NCSML Celebrates 25 Years as a National Museum and Library

NCSML Celebrates 25 Years as a National Museum and Library

Apr 01, 2020

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by Meredith Hines-Dochterman | Director of Marketing & Communications, NCSML

It was 25 years ago that three presidents -- Vaclav Havel of the Czech Republic, Michael Kovac of the Slovak Republic, and Bill Clinton of the United States -- came to Cedar Rapids, Iowa, for the dedication of the National Czech & Slovak Museum & Library (NCSML). As we celebrate the Silver anniversary of the day we became a national institution, we’re also looking ahead to another milestone.

In 2024, the museum will celebrate the 50th anniversary of its conceptual founding in 1974 by a group of citizens and visionaries who established the Czech Fine Arts Foundation, Inc. The early master planners envisioned a national museum and library that would welcome people of all ethnic backgrounds. They wanted all visitors to be at home in the NCSML, and to learn from the rich stories of immigration from the Czech and Slovak settlers.

Western Fraternal Life has been a significant partner in NCSML’s history. The support of Western has been instrumental in building a national museum and library that provides world-class exhibits, informative programs, and engaging activities for people of all ages and backgrounds to help ensure that the stories and rich cultures of the Czechs and Slovaks is never lost. It is important that the NCSML be here for future generations to learn from, and we want to take this opportunity to thank you and share a bit about what’s happening at the NCSML.

We recently launched Czech Us Out, a podcast that brings our programs to a wider audience. Director of Programs, Teresa Stenstrup, took the lead on this endeavor, creating four episodes from our 2019 lineup of programs. We encourage you to visit soundcloud.com/ncsml and check them out today.

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Heritage Caretakers of Moravia tells the story of the incredible women who wear and use folk art practices in their daily life.

We also introduced Huburt’s Night Owls, a program during which we extend operating hours to serve individuals with disabilities, specifically those on the autism spectrum. During this time, exhibits are modified, reducing stimuli in order to provide a sensory-friendly experience. Staff provide multi-sensory opportunities for learners who benefit from tactile experiences, and offer crafts and activities for young visitors.


Only four months into the new year and we have already hosted two exhibition openings. Heritage Caretakers of Moravia is currently on display in the Smith Gallery. This exhibit, presented through the eyes of Czech-American artist Sonya Darrow, tells the story of the incredible women who wear and use folk art practices in their daily life.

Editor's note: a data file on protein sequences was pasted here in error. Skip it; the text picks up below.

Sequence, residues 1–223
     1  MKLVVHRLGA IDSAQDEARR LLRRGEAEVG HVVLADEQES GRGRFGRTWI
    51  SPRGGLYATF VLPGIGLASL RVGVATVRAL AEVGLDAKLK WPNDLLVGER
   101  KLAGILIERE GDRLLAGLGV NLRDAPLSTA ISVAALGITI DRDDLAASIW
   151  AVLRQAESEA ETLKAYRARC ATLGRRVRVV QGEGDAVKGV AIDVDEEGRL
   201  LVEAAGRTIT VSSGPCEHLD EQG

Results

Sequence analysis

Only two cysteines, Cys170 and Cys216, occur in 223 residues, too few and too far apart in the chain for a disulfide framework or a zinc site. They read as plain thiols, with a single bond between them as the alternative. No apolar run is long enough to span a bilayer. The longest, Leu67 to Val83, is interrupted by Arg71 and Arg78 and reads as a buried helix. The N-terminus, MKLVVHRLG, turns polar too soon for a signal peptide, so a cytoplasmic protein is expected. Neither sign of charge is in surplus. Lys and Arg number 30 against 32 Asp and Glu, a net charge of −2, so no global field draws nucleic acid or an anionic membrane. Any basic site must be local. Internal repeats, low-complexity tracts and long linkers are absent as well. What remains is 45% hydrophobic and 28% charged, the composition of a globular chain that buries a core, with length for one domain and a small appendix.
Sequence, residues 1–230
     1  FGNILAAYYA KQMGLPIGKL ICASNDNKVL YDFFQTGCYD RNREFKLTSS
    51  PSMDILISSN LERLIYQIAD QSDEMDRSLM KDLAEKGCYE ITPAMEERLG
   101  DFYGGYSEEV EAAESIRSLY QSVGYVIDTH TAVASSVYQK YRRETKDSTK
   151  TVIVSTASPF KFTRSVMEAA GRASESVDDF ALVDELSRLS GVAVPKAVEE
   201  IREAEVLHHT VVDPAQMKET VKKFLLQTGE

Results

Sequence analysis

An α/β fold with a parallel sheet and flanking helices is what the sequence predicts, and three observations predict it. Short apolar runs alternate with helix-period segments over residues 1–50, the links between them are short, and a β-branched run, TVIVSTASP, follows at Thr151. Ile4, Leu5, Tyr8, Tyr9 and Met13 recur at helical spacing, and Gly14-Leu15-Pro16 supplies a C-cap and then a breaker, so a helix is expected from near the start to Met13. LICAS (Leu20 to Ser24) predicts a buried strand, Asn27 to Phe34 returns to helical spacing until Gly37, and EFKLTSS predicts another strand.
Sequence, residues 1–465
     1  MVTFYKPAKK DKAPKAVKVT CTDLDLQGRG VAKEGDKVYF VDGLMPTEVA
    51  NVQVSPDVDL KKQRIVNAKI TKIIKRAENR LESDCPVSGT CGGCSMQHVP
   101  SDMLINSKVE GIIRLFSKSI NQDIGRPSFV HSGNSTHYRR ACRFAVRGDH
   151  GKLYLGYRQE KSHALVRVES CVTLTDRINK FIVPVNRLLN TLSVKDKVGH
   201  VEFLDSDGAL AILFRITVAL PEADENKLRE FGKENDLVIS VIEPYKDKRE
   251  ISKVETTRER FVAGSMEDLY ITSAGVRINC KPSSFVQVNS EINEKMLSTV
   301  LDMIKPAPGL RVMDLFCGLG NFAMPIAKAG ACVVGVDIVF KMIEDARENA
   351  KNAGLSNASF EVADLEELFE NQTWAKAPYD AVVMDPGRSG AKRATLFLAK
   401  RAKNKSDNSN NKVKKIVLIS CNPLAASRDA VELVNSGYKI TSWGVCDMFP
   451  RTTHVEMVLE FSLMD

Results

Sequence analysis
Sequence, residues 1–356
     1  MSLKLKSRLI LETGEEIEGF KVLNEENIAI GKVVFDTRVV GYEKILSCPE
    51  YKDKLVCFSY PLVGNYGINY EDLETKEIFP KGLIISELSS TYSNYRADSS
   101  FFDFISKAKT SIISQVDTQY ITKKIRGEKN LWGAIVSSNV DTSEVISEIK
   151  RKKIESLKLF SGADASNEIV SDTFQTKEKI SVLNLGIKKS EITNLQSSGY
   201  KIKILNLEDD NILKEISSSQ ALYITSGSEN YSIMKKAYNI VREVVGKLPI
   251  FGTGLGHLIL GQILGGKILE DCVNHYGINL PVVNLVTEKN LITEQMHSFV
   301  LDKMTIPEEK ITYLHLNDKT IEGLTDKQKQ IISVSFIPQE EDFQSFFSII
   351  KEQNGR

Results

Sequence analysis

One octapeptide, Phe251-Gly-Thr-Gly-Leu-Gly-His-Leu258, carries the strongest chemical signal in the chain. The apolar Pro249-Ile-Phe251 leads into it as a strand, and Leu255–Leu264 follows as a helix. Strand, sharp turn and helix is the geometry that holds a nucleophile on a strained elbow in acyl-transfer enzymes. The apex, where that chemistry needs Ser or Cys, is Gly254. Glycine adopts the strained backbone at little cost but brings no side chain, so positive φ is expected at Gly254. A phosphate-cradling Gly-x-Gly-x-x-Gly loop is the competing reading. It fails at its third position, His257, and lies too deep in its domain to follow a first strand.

Our Artists as Activists exhibition examines how artists are inadvertently positioned to oppose the reigning doctrines. A great example can be found in the former Czechoslovakia where David Černý brought attention to the overpowering domination of the Soviet Union over a large swath of Central and Eastern Europe. Černý is one of eight contemporary artists featured in this exhibit, which is a new addition to the international art scene.

We’ll debut A Century of Robots: From Čapek to Now in May. The exhibition marks the 100th anniversary of Karel Čapek’s play, R.U.R., in 2020. Čapek (1890-1938) was a Czech writer, playwright, and critic best known for his science fiction works. R.U.R., which stands for Rossum's Universal Robots, marks the first time that the term “robot” was ever used.

It is fitting that the traveling exhibit Voices and Votes: Democracy in America will open to the public on July 4. When American revolutionaries waged a war for independence, they embraced a radical idea of establishing a government that entrusted the power of the nation not in a monarchy, but in its citizens. That great leap sparked questions that continue to affect Americans: who has the right to vote, what are the freedoms and responsibilities of citizens, and whose voices will be heard? Voices and Votes: Democracy in America will be a springboard for discussions about those very questions and how they are reflected in local stories.

In Her Father’s Eyes: A Slovak Childhood in the Shadow of the Holocaust is a moving exhibit about the short life of Kitty Weichherz, a Czechoslovakian girl born in the same year as Anne Frank. Told through the loving eyes of her surviving father, Kitty’s story paints a portrait of a young girl’s innocence in the face of increasing anti-Jewish sentiment on the eve of World War II. This exhibition opens September 1.

Jumping ahead to late October, we will host a new exhibit celebrating the Slovak Republic. Treasures of Slovakia: 1,000 Years of Slovak Culture, will include rare and significant artifacts on loan from the Slovak National Museum in Bratislava, the capital of the Slovak Republic. Many of the items in this exhibition have never been seen in the U.S. before!

There’s always something happening at the NCSML. If you haven’t visited lately, we encourage you to do so and please mention your affiliation with Western Fraternal Life. We’d love to say thank you in person.

NCSML is located at 1400 Inspiration Place SW, Cedar Rapids, IA 52404. Hours are Monday through Saturday, 9:30 a.m. to 4 p.m., and Sunday noon to 4 p.m. More information is at www.ncsml.org.



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